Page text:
As Professor Foulk notes, the tradition of the kyosaku is derived from two sources: the concept of “skillful means” that Buddhist teachers employ to help their students realize awakening, and the civil role of magistrates who would punish lawbreakers by administering blows with a stick. There is an inherent dualism grounded in the history of its use: on the one hand the kyosaku is considered a tool to bring about insight, and on the other hand it is a tool of discipline that punishes sleepiness and inattention in the zendo.
The Zen teacher Norman Fischer comments on the contradictory nature of these objectives as he explains why the San Francisco Zen Center stopped using the kyosaku in the early nineties during the first Gulf War. He says, “the kyosaku, and the samurai spirit it fostered, served to increase rather than decrease sleepiness in the zendo. It is difficult to say why this is so, but I suspect it has to do with the fact that externally imposed discipline has a deadening effect on the spirit.” The “deadening effect” that Fischer observed was what was visible on the surface; who knows what kind of trauma responses were being triggered by the stick and contributing to the feeling of spiritual malaise.
I am encouraged that the use of the kyosaku at the San Francisco Zen Center ceased in response to political events in the world. In the midst of a nation at war, a decision was made to not perpetuate an atmosphere of coercion and violence. We currently live in a country where many groups of people are traumatized daily, from immigrants held in detention centers and targeted by white supremacists to people of color assaulted and killed by police, and folks of various genders and sexual orientations attacked and denied basic rights. In this time of pandemic, we are all being traumatized in ways that will resonate long after the current crisis resolves. We no longer have a choice whether or not to work with trauma, which is another way of saying that we can no longer deny our interconnectedness, how our individual actions have profound effects on others, particularly those who are often not empowered to speak for themselves.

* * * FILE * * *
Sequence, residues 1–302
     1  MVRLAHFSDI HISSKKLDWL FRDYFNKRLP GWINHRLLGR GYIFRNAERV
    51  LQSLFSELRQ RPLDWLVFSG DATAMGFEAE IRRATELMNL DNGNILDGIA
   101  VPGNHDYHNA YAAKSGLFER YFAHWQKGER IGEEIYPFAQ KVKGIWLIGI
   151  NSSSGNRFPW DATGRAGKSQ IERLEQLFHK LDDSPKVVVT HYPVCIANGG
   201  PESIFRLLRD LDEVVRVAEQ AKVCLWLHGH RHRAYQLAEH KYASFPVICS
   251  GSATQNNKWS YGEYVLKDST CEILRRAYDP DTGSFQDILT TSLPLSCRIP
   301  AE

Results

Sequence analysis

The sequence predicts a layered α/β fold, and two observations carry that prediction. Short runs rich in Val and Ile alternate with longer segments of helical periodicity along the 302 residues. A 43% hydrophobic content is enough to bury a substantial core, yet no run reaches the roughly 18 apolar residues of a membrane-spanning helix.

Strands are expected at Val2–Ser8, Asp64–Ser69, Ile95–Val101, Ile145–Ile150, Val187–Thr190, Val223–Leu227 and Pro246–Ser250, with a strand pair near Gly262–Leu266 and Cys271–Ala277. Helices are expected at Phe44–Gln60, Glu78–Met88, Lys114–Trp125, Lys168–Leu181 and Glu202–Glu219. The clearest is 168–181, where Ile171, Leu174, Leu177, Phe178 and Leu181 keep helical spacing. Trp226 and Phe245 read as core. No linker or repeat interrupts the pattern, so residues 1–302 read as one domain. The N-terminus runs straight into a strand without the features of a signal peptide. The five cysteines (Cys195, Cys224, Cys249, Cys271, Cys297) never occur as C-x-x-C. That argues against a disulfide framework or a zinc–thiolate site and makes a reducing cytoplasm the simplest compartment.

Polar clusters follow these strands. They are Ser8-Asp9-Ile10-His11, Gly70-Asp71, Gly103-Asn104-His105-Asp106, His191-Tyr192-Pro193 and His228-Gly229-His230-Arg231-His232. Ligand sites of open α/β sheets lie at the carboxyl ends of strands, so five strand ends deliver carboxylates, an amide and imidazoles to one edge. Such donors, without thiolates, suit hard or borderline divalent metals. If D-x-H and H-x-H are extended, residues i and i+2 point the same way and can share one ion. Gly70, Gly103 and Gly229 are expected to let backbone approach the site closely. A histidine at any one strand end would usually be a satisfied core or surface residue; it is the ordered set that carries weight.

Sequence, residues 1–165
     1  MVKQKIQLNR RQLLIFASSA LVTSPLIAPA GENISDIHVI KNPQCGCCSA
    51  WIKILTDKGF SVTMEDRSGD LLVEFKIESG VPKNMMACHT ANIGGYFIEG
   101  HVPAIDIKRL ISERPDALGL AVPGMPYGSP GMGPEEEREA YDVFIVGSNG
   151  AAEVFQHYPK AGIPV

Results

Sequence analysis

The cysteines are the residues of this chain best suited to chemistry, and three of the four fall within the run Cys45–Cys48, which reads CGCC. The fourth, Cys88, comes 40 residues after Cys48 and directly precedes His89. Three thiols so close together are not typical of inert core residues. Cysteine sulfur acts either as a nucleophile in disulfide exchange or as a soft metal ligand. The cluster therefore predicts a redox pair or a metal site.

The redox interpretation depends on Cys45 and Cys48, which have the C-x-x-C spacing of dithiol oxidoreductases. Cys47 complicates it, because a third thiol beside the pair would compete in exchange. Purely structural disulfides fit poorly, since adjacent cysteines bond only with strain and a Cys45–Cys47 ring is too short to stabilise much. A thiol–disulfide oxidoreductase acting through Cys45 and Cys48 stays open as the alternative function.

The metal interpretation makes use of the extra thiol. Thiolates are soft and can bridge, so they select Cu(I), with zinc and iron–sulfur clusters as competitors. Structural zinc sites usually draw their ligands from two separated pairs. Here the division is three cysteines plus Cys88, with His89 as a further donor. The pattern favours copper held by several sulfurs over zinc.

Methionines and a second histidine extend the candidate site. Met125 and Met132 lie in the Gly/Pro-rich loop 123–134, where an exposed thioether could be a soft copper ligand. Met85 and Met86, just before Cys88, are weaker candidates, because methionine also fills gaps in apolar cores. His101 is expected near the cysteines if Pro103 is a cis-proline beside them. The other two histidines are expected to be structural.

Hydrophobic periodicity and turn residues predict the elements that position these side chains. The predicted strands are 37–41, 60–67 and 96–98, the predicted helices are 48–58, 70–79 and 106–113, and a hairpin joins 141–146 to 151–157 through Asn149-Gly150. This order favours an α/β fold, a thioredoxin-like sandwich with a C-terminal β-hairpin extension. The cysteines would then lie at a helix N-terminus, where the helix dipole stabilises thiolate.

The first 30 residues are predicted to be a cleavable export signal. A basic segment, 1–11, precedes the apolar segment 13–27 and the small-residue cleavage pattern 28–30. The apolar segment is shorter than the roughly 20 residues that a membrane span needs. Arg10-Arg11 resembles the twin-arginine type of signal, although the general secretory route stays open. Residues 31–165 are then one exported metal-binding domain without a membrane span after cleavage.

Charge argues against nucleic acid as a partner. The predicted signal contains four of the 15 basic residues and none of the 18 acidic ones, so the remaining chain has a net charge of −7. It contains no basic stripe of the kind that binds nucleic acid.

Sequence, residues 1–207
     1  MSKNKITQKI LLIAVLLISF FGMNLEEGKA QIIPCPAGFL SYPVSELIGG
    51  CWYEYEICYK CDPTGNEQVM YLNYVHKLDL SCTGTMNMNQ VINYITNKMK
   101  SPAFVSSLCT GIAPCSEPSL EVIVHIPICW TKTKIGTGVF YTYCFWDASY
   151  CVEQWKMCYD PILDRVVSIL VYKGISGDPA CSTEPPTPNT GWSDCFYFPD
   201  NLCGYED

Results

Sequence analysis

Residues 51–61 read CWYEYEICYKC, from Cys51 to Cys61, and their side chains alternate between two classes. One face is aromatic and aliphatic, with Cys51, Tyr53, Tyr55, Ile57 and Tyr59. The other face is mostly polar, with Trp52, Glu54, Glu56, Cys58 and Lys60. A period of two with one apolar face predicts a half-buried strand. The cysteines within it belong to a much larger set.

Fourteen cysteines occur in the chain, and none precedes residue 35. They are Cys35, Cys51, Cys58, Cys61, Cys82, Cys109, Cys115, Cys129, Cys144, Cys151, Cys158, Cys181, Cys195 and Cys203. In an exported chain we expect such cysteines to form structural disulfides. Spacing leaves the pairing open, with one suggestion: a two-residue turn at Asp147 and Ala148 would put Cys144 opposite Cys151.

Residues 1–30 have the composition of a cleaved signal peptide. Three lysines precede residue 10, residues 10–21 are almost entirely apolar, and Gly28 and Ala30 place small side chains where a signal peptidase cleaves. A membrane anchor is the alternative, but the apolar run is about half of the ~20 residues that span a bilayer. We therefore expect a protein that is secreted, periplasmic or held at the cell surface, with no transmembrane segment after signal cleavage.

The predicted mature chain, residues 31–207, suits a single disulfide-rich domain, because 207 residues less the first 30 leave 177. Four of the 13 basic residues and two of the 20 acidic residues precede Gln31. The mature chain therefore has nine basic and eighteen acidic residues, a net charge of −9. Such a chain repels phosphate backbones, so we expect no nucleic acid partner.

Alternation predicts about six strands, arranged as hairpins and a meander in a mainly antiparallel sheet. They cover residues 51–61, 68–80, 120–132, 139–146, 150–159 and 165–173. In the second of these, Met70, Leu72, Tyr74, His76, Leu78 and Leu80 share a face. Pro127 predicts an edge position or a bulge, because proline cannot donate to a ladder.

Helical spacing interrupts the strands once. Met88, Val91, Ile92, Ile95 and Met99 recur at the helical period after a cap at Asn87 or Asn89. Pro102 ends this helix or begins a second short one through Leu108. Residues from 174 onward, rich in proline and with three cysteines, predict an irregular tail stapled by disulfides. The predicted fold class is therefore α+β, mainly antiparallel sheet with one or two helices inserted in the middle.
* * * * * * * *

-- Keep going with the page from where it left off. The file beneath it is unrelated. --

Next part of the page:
A few days later, I was assigned to work in what is called the dye garden, a place where some of the most physically demanding labor at the monastery occurs. Walking behind the work leader down one of the rows, I turned to say something to the person walking behind me. Suddenly, the ground beneath my left foot disappeared as I stepped into a hole, turning my ankle. After I was driven to a local urgent care center, I discovered that my ankle was severely sprained, and I was able to hobble out on crutches, returning to the monastery.
Soon, I realized that the solution that had been found to my issue with the kyosaku wouldn’t work. I could no longer leave the monastery building and walk a few hundred yards over to the sangha house. Although I regretted leaving, I bought a plane ticket back to Houston for the day before the sesshin began. Before I left, the work leader in the dye garden told me that she’d trimmed the weeds back so that people could now see the holes in the ground.
I was fortunate to be in a position where I felt empowered to express my views with the expectation that they would be heard and acknowledged. This is not the case for many practitioners whose experience with systems of power and authority has taught them to make themselves invisible, because being visible is equated with dangerous threat. Our practice places should be sanctuaries, places of safety and refuge. I hope that the kyosaku and other forms of discipline used in sanghas throughout America can be discussed openly and honestly with an awareness of how they bind and cause harm. Such conversations can transform the way that we practice.Our collective wisdom grows when we can identify our blind spots and summon the courage to make them visible.